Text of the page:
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11 March, 2009

AHRC raises issue of use of mobile phones by judicial officers

The Asian Human Rights Commission, Hong Kong, says in a statement:

A core element in any judicial function is impartiality. The common saying is that judges need not only to be impartial but need to be seen to be impartial. Over the centuries codes of conduct have been developed which places limits on the judicial officers contacts so as to ensure that parties to cases before them will not approach the judges directly or indirectly when the cases are before a judge. However, with the changes in communication there are now many complaints of judges having been contacted by various means although there may not be direct physical contact between a judge and a party to a case or the agents of such a party. The widespread use of mobile telephones is being perceived often as breaking the ground rules relating to the impartiality of judges.

The following types of contact have often been complained of, more so privately than in public, because public complaints can carry sanctions on the basis of contempt of court and other kinds of punishments:
• Contacts by politicians at high government levels or local politicians regarding parties that they have an interest in, either wanting favours or punishment depending on the nature of their interest.
• Contacts of lower ranking judges by judges from above who may directly interfere or make such inquiries as to indicate their interest.
• Contacts by various other government officers, particularly police officers who may have some interest in a case either due to bribery or other reasons.
• Contacts by civilians interested in a particular party for reasons of their own.
• Sometimes even the parties to the conflict themselves through some form of direct access or through attorneys who may claim special relationships with the judges.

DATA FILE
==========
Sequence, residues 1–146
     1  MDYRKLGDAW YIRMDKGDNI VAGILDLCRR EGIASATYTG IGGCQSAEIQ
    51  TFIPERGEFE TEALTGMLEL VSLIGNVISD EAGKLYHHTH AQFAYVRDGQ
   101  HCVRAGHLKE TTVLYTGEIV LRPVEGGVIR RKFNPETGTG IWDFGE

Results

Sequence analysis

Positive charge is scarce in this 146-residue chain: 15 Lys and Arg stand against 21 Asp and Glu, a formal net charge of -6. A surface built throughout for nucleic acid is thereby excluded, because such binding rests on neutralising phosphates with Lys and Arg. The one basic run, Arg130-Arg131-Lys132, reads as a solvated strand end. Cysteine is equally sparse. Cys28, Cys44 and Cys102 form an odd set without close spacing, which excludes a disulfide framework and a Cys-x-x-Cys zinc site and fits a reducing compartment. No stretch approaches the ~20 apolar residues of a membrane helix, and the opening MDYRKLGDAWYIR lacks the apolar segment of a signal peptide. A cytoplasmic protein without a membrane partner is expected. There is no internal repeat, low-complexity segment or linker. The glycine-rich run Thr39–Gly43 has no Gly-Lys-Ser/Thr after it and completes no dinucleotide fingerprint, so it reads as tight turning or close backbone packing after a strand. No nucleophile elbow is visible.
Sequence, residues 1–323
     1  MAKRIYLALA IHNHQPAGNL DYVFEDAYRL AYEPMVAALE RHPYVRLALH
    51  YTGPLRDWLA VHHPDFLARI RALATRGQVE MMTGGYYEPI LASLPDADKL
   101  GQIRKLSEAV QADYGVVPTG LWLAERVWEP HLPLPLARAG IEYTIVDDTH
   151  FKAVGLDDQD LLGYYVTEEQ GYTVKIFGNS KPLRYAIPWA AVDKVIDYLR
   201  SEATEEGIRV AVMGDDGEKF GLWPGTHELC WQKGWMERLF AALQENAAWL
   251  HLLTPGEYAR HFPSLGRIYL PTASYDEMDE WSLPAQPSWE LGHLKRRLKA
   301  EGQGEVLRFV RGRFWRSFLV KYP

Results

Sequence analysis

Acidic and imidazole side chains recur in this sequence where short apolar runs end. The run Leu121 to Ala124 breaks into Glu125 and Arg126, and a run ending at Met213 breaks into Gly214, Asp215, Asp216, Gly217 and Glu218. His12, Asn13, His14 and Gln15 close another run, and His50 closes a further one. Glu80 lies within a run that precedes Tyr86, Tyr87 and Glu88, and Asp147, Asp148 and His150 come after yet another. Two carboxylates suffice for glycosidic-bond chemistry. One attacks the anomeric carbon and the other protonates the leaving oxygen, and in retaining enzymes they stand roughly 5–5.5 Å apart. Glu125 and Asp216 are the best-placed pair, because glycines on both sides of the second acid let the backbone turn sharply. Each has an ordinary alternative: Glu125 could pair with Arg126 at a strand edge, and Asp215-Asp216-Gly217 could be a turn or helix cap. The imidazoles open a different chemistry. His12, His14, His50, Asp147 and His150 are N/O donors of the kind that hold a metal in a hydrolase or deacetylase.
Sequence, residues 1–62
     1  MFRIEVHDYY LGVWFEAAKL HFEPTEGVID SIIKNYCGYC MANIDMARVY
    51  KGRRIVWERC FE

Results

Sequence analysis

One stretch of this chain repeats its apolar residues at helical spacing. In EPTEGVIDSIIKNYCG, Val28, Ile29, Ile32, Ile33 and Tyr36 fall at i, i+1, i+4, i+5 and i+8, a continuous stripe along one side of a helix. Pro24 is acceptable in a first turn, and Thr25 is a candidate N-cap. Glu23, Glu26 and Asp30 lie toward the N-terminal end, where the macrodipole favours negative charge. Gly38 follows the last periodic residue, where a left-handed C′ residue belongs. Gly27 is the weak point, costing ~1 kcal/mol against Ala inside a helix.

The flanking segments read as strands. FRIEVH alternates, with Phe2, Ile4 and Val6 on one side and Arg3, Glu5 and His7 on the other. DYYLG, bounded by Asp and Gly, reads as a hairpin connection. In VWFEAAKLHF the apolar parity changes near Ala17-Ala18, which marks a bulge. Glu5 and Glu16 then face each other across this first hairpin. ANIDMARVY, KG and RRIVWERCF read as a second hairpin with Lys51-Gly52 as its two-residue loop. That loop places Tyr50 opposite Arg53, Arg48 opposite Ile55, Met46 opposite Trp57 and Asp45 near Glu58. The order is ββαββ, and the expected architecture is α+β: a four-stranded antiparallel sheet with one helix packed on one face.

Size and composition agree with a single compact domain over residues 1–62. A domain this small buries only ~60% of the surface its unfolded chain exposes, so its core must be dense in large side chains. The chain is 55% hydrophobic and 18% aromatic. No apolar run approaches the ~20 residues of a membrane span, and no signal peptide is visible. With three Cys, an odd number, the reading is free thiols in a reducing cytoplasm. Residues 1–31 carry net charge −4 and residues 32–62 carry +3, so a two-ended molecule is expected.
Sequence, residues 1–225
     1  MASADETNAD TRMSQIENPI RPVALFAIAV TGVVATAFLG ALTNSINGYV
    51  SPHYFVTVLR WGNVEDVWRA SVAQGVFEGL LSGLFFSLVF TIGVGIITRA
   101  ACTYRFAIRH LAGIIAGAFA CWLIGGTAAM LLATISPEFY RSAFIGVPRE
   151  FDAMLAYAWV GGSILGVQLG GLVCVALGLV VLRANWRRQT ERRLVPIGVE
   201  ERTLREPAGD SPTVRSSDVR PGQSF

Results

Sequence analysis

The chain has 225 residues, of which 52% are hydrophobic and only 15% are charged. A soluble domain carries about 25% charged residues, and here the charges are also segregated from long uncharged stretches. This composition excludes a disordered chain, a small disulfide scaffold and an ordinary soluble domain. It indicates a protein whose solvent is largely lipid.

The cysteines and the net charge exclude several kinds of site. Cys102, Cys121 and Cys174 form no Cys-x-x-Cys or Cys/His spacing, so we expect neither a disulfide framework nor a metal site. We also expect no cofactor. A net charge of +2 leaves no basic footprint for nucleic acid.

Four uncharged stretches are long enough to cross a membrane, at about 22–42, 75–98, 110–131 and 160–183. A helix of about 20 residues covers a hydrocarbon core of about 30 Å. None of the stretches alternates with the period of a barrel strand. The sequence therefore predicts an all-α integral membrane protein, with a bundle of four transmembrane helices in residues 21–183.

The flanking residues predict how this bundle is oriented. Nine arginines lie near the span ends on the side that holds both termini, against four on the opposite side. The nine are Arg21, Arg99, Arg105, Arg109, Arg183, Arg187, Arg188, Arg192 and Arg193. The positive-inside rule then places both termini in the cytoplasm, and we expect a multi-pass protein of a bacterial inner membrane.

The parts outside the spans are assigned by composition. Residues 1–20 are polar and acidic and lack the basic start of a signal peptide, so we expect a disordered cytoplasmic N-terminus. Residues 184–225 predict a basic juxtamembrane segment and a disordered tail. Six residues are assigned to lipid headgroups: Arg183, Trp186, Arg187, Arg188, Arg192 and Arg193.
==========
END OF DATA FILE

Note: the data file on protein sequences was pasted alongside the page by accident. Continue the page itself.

Under normal circumstances there used to be restrictions which are practiced almost universally by the judges themselves or anyway, imposed on judges in order to maintain their impartiality as well as ensuring respect for the judiciary. For example, if a politician were to contact any judge for whatever reason it would be done through the proper hierarchy and records of such contacts would be maintained. Proper protocol would require anything other than formal meetings, for example at public gatherings where judges are expected to attend, would exclude any form of discussion on the cases before them. The keeping of records of any other form of meeting safeguards the judges from being approached by politicians for improper reasons. Where the names of persons who request a meeting with a judges is recorded in proper registers, which are, in fact, public documents this acts as a deterrent for any unscrupulous politician from approaching judges for improper reasons. It is of course presumed that there will not be anything other than an official meeting. Judges will not hold private meetings with politicians. Even in the case of using official telephones normally, judges are expected to make a proper record of any contacts with a politician or an agent of a politician. Through such practices a record is kept of whatever transactions that might occur and this also protects the judges themselves from baseless allegations. However, with the use of personal mobile phones such public records are not maintained and therefore it is more open for unscrupulous politicians to contact judges without making a physical appearance and therefore without making some kind of physical impression of an improper contact with a judge.